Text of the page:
The monsoon season, called Gudjewg in northern Kakadu and Jiyowk by the Jawoyn people in the southern part, is a time of heavy rain and flooding. the heat and humidity generate an explosion of plant and animal life. Many local bushwalkers believe that this is the best time to go bushwalking. They have experienced it and they know.
Sadly, most people who have never experienced the tropical summer have a variety of misconceptions about the tropical summer which keep them from trying a trip which could be a truly memorable experience.
Look at the waterfall picture at right, taken in January. Everything is lush and green. The waterfall is flowing well. If you come in the middle or late dry season and most of the green will be gone. The waterfall will have dropped to a trickle. The picture doesn't show that we have Koolpin Gorge to ourselves. In the dry season, we would be sharing it with others — sometimes with many others.
The wet season is the only time you can enjoy popular places like lower Koolpin Gorge, Twin Falls, Jim Jim Falls, the Bungle Bungles and many other places without day tourists.
Look at the pictures below. Every one of these pictures was taken in the wet season. Do the people look miserable or do they look like they are enjoying themselves?
Leave your pointer on the photo and you'll see a caption. Click the photo for an enlarged view. Click the back button to return to this screen.
In recent years, a majority of our wet season clients have been people who have done one of our wet season trips before or who have come based on recommendations from friends who have done one. This would not be happening if the Wet didn't have something very special to offer.
But don't take our word,look at the figures for Jabiru from the Australian Bureau of Meteorology. Jabiru is typical of the areas where we walk, somewhat wetter than most.
Look at the mean number of rain days and the average hours of sunshine (bottom of table). On average it rains only 2 days in 3. On average, you get a bit more than six hours of sunshine every day. That's the same percent of sun in daylight hours as you get in Sydney!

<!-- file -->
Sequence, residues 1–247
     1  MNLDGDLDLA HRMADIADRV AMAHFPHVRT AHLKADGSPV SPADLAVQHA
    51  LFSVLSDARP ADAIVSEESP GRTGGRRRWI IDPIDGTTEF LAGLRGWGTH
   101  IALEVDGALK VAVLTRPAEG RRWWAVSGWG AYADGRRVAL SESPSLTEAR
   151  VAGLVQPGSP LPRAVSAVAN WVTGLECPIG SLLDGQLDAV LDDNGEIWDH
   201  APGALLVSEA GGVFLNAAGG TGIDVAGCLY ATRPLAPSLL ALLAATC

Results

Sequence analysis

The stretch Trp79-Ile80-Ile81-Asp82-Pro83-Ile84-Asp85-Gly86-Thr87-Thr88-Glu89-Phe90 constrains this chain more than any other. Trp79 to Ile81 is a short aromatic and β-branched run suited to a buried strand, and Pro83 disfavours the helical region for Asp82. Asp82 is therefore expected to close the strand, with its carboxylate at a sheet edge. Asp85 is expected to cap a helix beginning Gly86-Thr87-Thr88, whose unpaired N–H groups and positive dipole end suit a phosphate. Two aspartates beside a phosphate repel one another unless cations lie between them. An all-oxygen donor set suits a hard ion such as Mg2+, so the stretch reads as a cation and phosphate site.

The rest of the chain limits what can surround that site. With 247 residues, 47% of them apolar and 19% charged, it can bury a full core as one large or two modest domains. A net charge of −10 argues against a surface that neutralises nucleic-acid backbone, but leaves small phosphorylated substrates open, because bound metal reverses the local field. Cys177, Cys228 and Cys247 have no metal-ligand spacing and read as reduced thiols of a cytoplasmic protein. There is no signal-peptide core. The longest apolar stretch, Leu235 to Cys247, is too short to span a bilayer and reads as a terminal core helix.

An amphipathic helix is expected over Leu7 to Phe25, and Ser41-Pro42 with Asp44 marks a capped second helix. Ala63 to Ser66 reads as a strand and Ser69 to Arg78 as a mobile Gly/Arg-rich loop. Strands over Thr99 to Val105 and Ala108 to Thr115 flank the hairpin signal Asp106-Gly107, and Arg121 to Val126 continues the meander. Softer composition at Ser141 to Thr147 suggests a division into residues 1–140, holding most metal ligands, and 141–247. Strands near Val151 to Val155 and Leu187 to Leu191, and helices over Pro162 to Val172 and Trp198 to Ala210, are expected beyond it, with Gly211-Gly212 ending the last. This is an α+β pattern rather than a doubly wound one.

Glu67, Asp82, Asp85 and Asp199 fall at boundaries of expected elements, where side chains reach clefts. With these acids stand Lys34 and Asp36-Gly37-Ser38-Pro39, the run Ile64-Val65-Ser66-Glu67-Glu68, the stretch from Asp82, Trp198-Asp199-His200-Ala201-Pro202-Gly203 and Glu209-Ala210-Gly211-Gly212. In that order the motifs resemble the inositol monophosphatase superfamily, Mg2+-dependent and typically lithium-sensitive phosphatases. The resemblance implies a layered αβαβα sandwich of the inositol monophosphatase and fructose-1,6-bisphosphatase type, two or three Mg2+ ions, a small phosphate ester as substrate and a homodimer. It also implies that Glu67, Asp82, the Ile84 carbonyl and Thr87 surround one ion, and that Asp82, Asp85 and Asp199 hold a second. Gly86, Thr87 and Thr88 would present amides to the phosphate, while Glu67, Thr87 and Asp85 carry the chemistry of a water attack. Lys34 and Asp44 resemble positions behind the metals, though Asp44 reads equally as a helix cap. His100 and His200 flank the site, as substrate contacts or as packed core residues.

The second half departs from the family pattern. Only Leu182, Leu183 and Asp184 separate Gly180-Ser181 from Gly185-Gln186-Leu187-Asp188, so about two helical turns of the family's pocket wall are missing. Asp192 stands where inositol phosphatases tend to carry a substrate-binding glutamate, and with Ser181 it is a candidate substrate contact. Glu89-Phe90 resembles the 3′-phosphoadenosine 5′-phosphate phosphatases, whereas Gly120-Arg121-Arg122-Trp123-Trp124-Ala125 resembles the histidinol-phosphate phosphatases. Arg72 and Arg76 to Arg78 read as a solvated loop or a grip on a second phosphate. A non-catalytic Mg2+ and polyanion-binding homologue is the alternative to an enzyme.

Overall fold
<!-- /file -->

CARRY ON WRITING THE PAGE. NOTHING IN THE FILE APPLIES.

Look at the mean daily maximum temperature. It's only 2°C warmer than the coolest months of June and July. It's 4°C cooler than the Build Up month of October.
Look at the mean daily minimum and lowest minimum rows. From January through March, the average minimum is about 24°C; the lowest temperature ever recorded is about 20°C. You're not going to get cold no matter how much it rains. You certainly don't need to carry a sleeping bag.
The Bureau of Meteorology doesn't lie. In January, Brisbane, Sydney, Melbourne, Adelaide and Perth all average more 35°C days than Darwin. We want people to learn the truth about our wet season climate so we've prepared a Climate Statistics sheet comparing the January averages in Darwin, Kakadu and the Kimberley with those in Brisbane, Sydney, Melbourne, Adelaide and Perth. Click the link and see for yourself.
How can people get it so wrong? My best guess is that people confuse the Build Up with the Wet. Have a look at the figures for October and November in the Jabiru table above and you'll see what I mean. People who talk only about the 'Wet' and the 'Dry' do northern Australia a great disservice. It may be difficult for people who don't spend a lot of time in the bush to distinguish the Aboriginal six seasons in Kakadu, but anyone who has lived here can easily distinguish the Build Up from the Wet and the Dry. The link will give you the basics but the full story will have to wait.
There's more, much more. Have a look at our Wet Season — What to Expect page and see for yourself. There are lots of photos so the page might take a while to load.
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